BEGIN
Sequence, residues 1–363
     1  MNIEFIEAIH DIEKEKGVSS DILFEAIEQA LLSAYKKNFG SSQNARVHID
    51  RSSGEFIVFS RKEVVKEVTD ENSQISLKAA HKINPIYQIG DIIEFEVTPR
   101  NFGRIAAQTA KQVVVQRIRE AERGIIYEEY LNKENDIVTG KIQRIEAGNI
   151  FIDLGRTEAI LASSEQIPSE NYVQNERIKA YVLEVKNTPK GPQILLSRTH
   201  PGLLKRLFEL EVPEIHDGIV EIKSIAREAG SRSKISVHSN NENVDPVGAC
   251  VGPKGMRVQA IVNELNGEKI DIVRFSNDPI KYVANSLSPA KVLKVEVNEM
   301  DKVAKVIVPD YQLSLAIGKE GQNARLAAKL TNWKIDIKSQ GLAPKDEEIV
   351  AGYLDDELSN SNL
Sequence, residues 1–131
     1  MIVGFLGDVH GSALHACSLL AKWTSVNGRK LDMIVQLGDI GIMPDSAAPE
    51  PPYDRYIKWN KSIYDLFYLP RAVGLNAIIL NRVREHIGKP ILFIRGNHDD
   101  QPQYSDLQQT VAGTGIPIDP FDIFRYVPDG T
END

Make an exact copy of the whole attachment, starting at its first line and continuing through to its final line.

Sequence, residues 1–363
     1  MNIEFIEAIH DIEKEKGVSS DILFEAIEQA LLSAYKKNFG SSQNARVHID
    51  RSSGEFIVFS RKEVVKEVTD ENSQISLKAA HKINPIYQIG DIIEFEVTPR
   101  NFGRIAAQTA KQVVVQRIRE AERGIIYEEY LNKENDIVTG KIQRIEAGNI
   151  FIDLGRTEAI LASSEQIPSE NYVQNERIKA YVLEVKNTPK GPQILLSRTH
   201  PGLLKRLFEL EVPEIHDGIV EIKSIAREAG SRSKISVHSN NENVDPVGAC
   251  VGPKGMRVQA IVNELNGEKI DIVRFSNDPI KYVANSLSPA KVLKVEVNEM
   301  DKVAKVIVPD YQLSLAIGKE GQNARLAAKL TNWKIDIKSQ GLAPKDEEIV
   351  AGYLDDELSN SNL
Sequence, residues 1–131
     1  MIVGFLGDVH GSALHACSLL AKWTSVNGRK LDMIVQLGDI GIMPDSAAPE
    51  PPYDRYIKWN KSIYDLFYLP RAVGLNAIIL NRVREHIGKP ILFIRGNHDD
   101  QPQYSDLQQT VAGTGIPIDP FDIFRYVPDG T